winter, the difficulty of the roads, and the intolerable cold, two
    hundred sestertii each, and to every centurian two thousand, to be given
    instead of plunder; and sending his legions back to quarters, he himself
    returned on the fortieth day to Bibracte. Whilst he was dispensing
    justice there, the Bituriges send ambassadors to him, to entreat his aid
    against the Carnutes, who they complained had made war against them.
    Upon this intelligence, though he had not remained more than eighteen
    days in winter quarters, he draws the fourteenth and sixth legion out of
    quarters on the Saone, where he had posted them as mentioned in a former
    Commentary to procure supplies of corn. With these two legions he
    marches in pursuit of the Carnutes.

    V.--When the news of the approach of our army reached the enemy, the
    Carnutes, terrified by the sufferings of other states, deserted their
    villages and towns (which were small buildings, raised in a hurry, to
    meet the immediate necessity, in which they lived to shelter themselves
    against the winter, for, being lately conquered, they had lost several
    towns), and dispersed and fled. Caesar, unwilling to expose his soldiers
    to the violent storms that break out, especially at that season, took up
    his quarters at Genabum, a town of the Carnutes; and lodged his men in
    houses, partly belonging to the Gauls, and partly built to shelter the
    tents, and hastily covered with thatch. But the horse and auxiliaries he
    sends to all parts to which he was told the enemy had marched; and not
    without effect, as our men generally returned loaded with booty. The
    Carnutes, overpowered by the severity of the winter, and the fear of
    danger, and not daring to continue long in any place, as they were
    driven from their houses, and not finding sufficient protection in the
    woods, from the violence of the storms, after losing a considerable
    number of their men, disperse, and take refuge among the neighbouring

    VI.--Caesar, being contented, at so severe a season, to disperse the
    gathering foes, and prevent any new war from breaking out, and being
    convinced, as far as reason could foresee, that no war of consequence
    could be set on foot in the summer campaign, stationed Caius Trebonius,
    with the two legions which he had with him, in quarters at Genabum: and
    being informed by frequent embassies from the Remi, that the Bellovaci
    (who exceed all the Gauls and Belgae in military prowess), and the
    neighbouring states, headed by Correus, one of the Bellovaci, and
    Comius, the Atrebatian, were raising an army, and assembling at a
    general rendezvous, designing with their united forces to invade the
    territories of the Suessiones, who were put under the patronage of the
    Remi: and moreover, considering that not only his honour, but his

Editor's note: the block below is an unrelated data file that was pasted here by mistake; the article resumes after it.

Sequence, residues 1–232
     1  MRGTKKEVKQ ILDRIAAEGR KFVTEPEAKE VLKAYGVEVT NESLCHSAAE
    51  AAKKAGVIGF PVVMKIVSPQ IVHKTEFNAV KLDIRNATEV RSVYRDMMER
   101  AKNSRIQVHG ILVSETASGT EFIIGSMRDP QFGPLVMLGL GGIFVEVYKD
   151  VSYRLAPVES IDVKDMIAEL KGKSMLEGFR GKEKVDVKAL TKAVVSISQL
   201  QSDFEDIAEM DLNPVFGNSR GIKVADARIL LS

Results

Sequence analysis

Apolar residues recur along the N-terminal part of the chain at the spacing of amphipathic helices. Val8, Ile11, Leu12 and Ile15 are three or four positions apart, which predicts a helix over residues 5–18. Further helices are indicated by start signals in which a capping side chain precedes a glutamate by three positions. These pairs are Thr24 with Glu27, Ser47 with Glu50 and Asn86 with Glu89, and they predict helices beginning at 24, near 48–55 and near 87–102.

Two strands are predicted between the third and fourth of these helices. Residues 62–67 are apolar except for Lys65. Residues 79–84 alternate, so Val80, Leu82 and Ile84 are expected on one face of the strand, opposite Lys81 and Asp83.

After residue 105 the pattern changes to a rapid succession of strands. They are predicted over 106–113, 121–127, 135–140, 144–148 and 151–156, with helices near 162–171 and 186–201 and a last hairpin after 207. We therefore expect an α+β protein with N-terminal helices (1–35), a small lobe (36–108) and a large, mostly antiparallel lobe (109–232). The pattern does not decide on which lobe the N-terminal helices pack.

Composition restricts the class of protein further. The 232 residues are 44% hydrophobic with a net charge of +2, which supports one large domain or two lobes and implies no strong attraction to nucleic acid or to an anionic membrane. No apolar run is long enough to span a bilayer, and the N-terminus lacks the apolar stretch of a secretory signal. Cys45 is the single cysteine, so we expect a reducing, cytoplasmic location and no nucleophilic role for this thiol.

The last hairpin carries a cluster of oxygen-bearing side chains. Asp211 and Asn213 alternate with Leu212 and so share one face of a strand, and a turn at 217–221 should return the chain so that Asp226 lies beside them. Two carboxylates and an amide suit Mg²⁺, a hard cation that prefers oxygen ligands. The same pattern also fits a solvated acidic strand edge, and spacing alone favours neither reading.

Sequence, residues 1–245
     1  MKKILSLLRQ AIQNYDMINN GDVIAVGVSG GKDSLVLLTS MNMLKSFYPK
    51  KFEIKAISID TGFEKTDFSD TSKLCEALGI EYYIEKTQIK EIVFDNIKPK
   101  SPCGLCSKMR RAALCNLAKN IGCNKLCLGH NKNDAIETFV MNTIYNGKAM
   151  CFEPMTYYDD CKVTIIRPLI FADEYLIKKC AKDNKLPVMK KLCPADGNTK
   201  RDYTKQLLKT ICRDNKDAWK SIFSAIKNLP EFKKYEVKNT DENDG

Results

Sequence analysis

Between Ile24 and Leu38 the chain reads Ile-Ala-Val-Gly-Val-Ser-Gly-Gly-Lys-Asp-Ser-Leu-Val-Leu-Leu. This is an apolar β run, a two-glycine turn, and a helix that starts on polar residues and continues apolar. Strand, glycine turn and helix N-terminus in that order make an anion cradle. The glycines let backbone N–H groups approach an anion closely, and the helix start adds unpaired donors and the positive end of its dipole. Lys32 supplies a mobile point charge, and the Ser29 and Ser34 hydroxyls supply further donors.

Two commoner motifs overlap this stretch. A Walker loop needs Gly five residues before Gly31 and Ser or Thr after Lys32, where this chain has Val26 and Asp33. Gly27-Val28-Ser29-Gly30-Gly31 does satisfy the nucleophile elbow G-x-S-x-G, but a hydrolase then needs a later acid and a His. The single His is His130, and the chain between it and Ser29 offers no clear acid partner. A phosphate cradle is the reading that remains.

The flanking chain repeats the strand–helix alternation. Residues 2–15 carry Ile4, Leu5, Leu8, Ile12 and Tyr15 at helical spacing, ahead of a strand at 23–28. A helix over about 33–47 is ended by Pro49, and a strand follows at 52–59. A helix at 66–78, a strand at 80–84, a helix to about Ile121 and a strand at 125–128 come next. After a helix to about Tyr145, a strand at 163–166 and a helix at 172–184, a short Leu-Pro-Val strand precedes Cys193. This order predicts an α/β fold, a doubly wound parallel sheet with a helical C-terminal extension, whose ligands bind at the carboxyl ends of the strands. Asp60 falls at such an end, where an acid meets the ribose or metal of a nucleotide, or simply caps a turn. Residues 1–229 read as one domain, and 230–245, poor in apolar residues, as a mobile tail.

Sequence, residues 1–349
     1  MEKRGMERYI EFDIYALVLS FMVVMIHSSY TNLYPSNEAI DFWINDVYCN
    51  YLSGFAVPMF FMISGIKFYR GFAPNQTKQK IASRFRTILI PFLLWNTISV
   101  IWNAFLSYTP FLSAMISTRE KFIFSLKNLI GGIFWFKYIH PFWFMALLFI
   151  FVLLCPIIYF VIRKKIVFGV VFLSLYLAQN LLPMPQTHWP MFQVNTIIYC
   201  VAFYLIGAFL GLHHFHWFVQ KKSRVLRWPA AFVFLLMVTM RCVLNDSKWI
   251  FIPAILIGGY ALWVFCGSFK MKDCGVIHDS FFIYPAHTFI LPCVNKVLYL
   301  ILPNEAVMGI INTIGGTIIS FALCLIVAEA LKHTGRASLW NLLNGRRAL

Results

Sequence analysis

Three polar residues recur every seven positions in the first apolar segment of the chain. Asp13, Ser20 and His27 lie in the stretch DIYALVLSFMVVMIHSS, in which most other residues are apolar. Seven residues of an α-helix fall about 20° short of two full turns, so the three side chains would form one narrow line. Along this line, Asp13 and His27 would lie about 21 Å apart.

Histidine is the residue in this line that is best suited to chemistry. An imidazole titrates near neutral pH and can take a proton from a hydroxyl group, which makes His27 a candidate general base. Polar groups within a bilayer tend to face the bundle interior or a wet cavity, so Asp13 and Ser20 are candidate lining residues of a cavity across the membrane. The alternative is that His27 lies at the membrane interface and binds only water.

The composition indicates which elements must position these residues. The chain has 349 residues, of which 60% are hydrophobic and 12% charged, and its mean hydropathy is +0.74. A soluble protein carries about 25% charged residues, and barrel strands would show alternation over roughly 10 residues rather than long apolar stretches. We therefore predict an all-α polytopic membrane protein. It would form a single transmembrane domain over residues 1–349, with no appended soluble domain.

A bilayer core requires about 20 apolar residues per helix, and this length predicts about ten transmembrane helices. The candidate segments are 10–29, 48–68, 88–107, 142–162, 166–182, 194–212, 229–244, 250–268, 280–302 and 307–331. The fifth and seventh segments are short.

interest was concerned, that such of his allies, as deserved well of the
    republic, should suffer no calamity; he again draws the eleventh legion
    out of quarters and writes besides to Caius Fabius, to march with his
    two legions to the country of the Suessiones; and he sends to Trebonius
    for one of his two legions. Thus, as far as the convenience of the
    quarters, and the management of the war admitted, he laid the burden of
    the expedition on the legions by turns, without any intermission to his
    own toils.

    VII.--As soon as his troops were collected, he marched against the
    Bellovaci: and pitching his camp in their territories, detached troops
    of horse all round the country, to take prisoners, from whom he might
    learn the enemy's plan. The horse, having executed his orders, bring him
    back word that but few were found in the houses: and that even these had
    not stayed at home to cultivate their lands (for the emigration was
    general from all parts), but had been sent back to watch our motions.
    Upon Caesar's inquiring from them, where the main body of the Bellovaci
    were posted, and what was their design: they made answer, "that all the
    Bellovaci, fit for carrying arms, had assembled in one place, and along
    with them the Ambiani, Aulerci, Caletes, Velocasses, and Atrebates, and
    that they had chosen for their camp an elevated position, surrounded by
    a dangerous morass: that they had conveyed all their baggage into the
    most remote woods: that several noblemen were united in the management
    of the war; but that the people were most inclined to be governed by
    Correus, because they knew that he had the strongest aversion to the
    name of the Roman people: that a few days before Comius had left the
    camp to engage the Germans to their aid whose nation bordered on theirs,
    and whose numbers were countless: that the Bellovaci had come to a
    resolution, with the consent of all the generals and the earnest desire
    of the people, if Caesar should come with only three legions, as was
    reported, to give him battle, that they might not be obliged to
    encounter his whole army on a future occasion, when they should be in a
    more wretched and distressed condition; but if he brought a stronger
    force, they intended to remain in the position they had chosen, and by
    ambuscade to prevent the Romans from getting forage (which at that
    season was both scarce and much scattered), corn, and other